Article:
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Revisiting the Fresh Tilled Soil accessibility stack


At Fresh Tilled Soil we continue to believe that accessibility is a large part of designing great user experiences. Back in 2014 we published an article outlining our accessibility stack, calling out tools we use to ensure we are building experiences that are accessible for people with visual impairments, or those that are deaf or hard of hearing.

Today we’d like to revisit this post, because as we all know, technology moves fast and in the three years since the original post, we’ve made a few modifications to our accessibility stack that we’d like to share with you today.

Creating Accessible Interfaces:

Here is an outline of some of the things we keep in mind, and the tools and resources we will use when designing and developing accessible user interfaces.

Before we even start coding

Checking our designs for color contrast issues is one of the earliest wins we can achieve when creating accessible user interfaces:

  • Color Oracle is an application for Mac or Windows that will simulate the three most extreme types of color blindness: Deuteranopia, Protanopia, and Tritanopia.
  • WebAIM Color Contrast Checker: For quick pairings of foreground and background color combinations, the WebAIM checker will give you immediate results on how your combinations fair against WCAG AA and AAA standards.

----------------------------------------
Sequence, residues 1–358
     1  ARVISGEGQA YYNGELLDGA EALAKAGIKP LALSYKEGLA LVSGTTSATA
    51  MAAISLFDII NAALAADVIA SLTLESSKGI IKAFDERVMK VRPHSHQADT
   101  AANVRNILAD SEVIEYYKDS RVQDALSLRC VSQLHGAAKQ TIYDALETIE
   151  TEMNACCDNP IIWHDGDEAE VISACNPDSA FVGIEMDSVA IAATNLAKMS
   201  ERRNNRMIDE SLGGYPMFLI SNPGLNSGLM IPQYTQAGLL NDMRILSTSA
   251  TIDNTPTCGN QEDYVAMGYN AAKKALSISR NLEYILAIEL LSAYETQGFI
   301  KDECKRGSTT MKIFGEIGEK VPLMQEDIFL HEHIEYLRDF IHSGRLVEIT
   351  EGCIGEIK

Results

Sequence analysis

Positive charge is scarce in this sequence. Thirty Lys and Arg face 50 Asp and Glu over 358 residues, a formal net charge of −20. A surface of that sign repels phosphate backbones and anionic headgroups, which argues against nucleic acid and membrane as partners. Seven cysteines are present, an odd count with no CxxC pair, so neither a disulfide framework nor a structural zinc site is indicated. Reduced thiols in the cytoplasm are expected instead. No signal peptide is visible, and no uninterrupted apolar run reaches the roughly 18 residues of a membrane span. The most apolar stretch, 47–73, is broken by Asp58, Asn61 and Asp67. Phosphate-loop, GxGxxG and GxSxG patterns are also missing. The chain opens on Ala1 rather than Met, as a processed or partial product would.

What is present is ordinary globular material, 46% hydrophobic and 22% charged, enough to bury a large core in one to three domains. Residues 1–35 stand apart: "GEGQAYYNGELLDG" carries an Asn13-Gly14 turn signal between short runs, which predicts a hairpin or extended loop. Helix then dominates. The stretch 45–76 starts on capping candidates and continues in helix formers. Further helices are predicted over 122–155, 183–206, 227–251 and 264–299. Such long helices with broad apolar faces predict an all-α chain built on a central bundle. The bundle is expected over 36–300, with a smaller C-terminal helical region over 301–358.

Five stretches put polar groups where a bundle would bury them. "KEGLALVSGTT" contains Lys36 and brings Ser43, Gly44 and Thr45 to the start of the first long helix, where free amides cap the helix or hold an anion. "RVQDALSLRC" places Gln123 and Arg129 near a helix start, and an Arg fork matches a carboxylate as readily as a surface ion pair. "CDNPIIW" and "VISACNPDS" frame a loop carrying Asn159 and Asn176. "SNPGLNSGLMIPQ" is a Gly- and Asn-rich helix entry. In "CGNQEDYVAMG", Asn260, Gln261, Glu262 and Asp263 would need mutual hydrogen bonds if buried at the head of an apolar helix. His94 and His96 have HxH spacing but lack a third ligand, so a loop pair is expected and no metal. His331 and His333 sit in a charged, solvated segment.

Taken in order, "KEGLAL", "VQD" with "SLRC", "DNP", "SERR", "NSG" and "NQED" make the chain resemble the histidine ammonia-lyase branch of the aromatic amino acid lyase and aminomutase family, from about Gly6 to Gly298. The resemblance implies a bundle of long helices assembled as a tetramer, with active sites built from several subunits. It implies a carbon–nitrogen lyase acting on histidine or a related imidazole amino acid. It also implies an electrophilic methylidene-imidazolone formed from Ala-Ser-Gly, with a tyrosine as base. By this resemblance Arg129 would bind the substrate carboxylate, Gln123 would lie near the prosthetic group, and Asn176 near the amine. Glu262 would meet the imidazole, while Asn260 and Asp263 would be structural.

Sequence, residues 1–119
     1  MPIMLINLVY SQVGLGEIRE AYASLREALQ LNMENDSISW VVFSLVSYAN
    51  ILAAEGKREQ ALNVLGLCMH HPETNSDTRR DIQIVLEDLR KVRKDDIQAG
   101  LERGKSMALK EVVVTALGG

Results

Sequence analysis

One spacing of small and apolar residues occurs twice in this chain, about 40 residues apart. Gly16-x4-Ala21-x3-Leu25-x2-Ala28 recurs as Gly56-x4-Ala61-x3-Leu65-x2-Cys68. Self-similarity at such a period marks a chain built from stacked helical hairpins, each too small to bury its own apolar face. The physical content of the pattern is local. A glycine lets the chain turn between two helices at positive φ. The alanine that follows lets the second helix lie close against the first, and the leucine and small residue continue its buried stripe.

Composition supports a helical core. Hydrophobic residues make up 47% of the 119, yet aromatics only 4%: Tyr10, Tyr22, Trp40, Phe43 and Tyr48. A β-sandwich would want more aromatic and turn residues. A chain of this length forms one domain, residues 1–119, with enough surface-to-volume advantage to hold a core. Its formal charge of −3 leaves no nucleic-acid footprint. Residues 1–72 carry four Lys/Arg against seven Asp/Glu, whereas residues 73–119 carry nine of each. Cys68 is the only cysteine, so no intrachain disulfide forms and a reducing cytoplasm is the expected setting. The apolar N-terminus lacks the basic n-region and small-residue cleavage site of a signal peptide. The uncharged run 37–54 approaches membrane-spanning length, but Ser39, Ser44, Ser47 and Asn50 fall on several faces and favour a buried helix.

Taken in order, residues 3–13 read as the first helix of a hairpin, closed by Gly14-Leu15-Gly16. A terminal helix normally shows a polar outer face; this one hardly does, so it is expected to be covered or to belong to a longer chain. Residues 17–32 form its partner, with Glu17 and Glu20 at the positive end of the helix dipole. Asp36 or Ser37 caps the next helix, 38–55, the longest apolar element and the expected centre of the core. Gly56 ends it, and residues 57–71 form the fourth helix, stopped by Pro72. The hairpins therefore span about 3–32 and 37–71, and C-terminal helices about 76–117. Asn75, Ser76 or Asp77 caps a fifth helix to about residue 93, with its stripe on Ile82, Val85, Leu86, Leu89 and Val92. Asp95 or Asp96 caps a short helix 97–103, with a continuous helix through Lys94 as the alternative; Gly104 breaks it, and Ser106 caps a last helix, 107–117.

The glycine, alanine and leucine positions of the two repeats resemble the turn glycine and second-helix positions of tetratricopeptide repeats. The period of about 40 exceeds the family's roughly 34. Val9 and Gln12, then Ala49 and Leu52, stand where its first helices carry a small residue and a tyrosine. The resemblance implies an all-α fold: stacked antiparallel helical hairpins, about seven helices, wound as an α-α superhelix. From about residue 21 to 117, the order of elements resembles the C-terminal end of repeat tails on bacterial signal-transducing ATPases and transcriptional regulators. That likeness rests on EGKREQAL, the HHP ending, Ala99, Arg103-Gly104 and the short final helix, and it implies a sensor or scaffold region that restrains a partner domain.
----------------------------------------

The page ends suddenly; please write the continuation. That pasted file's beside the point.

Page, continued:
For more information about designing for color blindness, please read Designing for (and with) Color Blindness.

Moving into the browser

One of the most important pieces of our stack that continues to hold true is that we take great efforts to follow HTML best practices. Regardless of whether your project is built with WordPress, Drupal, React, or Angular, the output will be HTML, and to ensure accessible user experiences, that HTML needs to be used appropriately in the context of what you’re building.

In adherence to markup best practices, here is a list of the primary checks and tools we use when developing our projects:

Try to use your website/app without a mouse

  • Can you easily tell where you are?
  • Are you able to interact with important inputs and controls?
  • Does your focus ever become “trapped” (e.g. you can’t tab past or back out of a certain portion of your interface)?

Use the semantic, appropriate markup for the task at hand

  • Links go places
  • Buttons perform actions
  • <divs> are not meant to be clickable!
  • etc…

Only use ARIA when there is no native markup solution

If you’re building web components, build them with semantic markup elements. If you’re finding yourself in a situation where standard markup just isn’t cutting it, use ARIA to help augment your markup to help meet user expectations.

Check your interfaces for accessibility compliance

We run automated and manual tests against our code and interfaces for any accessibility missteps.

Build with Progressive Enhancement